On 30 September 1906 Joyce wrote to his brother about a story concerning Mr Hunter.
Most of the postcard that Joyce wrote to Stanislaus on 30 September 1906 was taken up with Joyce’s plans for dealing with Grant Richards who had just decided not to go ahead with publishing Dubliners. In a PS Joyce mentioned that his landlady has just increased the rent, and then, in a PPS, he wrote that he had a new story for Dubliners in his head, one that dealt with Mr Hunter.
Joyce decided to call the story ‘Ulysses,’ and on 13 November he wrote again to Stanislaus saying, amongst other things, that he had thought of a beginning for his story, but that he hadn’t made a start on it as he had too many other concerns. On 3 December Joyce was asking Stanislaus to write to him about Hunter, but by 6 February 1907 Joyce had to admit that his ‘Ulysses’ had got no further than the title.
Joyce himself later claimed that his book Ulysses had originated in his time in Rome, and by November 1907 he was already discussing the possibility of turning his idea for a story into a book. Even so, Joyce didn’t start writing Ulysses until 1914, though he seems to have given it a lot of thought in the meantime.
Joyce had the idea for ‘Ulysses’ at an important moment. On 25 September 1906 he had written to Stanislaus saying that he felt he had been too harsh in his depiction of Dublin and that he had failed to reproduce the attraction of the city in Dubliners. This moment of realisation that he would have to represent the city in another way seems to have been behind the inspiration for ‘Ulysses’ and perhaps also ‘The Dead.’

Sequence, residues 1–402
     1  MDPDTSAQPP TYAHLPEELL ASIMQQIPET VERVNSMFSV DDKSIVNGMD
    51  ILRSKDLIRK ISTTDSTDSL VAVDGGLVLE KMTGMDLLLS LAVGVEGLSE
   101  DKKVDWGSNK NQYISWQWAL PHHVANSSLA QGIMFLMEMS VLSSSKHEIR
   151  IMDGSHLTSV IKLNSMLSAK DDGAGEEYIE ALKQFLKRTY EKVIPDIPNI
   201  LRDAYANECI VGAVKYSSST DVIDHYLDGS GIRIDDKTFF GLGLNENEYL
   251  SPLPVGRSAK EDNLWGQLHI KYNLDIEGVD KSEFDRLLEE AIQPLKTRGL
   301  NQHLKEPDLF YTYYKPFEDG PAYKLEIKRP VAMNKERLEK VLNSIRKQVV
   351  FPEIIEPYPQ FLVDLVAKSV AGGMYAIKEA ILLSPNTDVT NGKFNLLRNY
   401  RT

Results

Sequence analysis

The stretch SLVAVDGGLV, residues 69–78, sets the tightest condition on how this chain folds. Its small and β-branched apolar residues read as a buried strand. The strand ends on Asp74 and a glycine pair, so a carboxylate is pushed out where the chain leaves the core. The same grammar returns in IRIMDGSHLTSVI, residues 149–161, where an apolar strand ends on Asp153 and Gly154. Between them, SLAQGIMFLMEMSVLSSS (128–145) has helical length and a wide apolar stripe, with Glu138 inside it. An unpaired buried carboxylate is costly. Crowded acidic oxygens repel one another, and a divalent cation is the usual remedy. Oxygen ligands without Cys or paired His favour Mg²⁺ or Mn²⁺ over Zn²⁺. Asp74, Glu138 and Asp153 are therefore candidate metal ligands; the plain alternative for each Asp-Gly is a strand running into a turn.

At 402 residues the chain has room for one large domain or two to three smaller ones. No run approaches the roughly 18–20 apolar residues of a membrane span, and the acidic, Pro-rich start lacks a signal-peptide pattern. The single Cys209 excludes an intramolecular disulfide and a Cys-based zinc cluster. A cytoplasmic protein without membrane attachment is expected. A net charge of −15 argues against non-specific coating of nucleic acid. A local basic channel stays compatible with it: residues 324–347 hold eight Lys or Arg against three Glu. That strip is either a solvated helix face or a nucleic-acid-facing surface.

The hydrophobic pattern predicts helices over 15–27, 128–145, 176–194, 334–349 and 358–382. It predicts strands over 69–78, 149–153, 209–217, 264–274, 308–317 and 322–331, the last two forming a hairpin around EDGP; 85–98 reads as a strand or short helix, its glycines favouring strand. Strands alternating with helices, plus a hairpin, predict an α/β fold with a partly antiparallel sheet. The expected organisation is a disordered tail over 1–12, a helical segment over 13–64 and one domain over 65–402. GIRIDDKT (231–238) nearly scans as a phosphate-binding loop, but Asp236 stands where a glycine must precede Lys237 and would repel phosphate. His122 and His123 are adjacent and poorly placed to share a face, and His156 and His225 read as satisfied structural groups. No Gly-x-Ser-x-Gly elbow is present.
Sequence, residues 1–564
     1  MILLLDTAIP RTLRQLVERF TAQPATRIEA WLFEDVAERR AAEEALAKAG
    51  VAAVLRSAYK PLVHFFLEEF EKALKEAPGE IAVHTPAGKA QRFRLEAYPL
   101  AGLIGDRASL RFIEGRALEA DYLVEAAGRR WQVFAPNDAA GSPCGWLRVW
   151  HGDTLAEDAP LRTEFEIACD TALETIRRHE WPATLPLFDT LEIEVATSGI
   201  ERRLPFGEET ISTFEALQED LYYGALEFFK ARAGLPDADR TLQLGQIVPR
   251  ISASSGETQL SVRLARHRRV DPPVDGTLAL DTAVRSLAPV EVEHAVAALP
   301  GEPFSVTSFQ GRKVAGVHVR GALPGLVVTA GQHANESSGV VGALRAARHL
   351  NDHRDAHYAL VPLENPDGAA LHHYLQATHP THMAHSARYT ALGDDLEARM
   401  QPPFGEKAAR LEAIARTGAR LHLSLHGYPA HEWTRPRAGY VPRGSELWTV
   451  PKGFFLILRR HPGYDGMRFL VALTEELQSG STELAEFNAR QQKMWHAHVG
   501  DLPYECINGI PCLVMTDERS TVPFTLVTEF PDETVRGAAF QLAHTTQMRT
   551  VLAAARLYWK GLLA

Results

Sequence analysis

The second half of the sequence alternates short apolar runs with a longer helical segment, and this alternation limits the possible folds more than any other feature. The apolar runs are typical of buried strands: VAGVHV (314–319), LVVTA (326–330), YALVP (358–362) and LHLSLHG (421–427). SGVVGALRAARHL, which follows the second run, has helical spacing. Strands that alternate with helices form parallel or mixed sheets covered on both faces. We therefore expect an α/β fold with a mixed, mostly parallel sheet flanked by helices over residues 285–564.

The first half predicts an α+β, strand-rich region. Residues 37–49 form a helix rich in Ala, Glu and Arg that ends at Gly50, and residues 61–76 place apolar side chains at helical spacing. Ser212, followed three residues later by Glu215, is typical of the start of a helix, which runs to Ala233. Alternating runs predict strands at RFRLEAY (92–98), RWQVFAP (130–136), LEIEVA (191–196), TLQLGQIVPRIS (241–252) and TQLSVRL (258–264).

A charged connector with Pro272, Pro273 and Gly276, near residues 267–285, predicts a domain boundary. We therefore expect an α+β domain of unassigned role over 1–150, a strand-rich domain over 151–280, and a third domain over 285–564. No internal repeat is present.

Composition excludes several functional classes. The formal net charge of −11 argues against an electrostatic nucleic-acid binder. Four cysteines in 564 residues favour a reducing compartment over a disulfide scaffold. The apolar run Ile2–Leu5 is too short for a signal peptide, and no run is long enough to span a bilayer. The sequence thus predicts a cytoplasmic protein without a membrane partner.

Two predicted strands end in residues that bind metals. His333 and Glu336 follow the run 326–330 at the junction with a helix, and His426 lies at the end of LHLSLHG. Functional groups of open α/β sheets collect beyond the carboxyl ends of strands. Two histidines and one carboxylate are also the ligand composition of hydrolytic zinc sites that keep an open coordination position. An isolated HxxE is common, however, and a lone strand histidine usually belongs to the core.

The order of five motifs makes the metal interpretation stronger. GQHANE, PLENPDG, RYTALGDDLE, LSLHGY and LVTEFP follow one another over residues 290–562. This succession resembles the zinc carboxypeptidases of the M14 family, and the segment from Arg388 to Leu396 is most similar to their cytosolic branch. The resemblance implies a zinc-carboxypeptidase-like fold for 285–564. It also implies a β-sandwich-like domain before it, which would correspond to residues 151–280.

When he wrote to Stanislaus again in November, Joyce mentioned that he was reading Guglielmo Ferrero’s L’Europa giovane (Young Europe), a book which had a significant influence on him. Amongst other things, Ferrero discussed different classifications of emigrants, including the Irish, and he had a chapter on anti-Semitism. Here Joyce found a combination that interested him for Ulysses, which he later called an epic of two races, the Irish and the Jews.
Joyce’s claim that the story he conceived in September1906 was to deal with Mr Hunter also combines these two races since the Dubliner Hunter, according to Richard Ellmann, was rumoured to be Jewish. Stanislaus Joyce claimed that his brother had only met Hunter once or twice, but WP D’Arcy, a friend of John Joyce’s in Dublin, claimed that Hunter had acted as a good Samaritan after Joyce had been involved in a fracas in Dublin in June 1904. Ellmann seems not to have trusted D’Arcy’s claim, saying that any other confirmation of it was lacking.
Even today only a little is known about the real Alfred Hunter who seems to have been the original inspiration for Joyce’s Ulysses, and the character of Leopold Bloom, though it may have been modelled on Hunter originally, also drew on other men Joyce knew.
Sources & Further Reading:
Ellmann, Richard: James Joyce – new and revised edition, Oxford: Oxford University Press, 1982.
Joyce, James: Letters of James Joyce, vol. I edited by Stuart Gilbert, vol. II edited by Richard Ellmann, London: Faber & Faber, 1957, 1966.
Killeen, Terence: ‘Marion Hunter Revisited: Further Light on a Dublin Enigma,’ in Dublin James Joyce Journal, no. 3, 2010, pp. 144-151.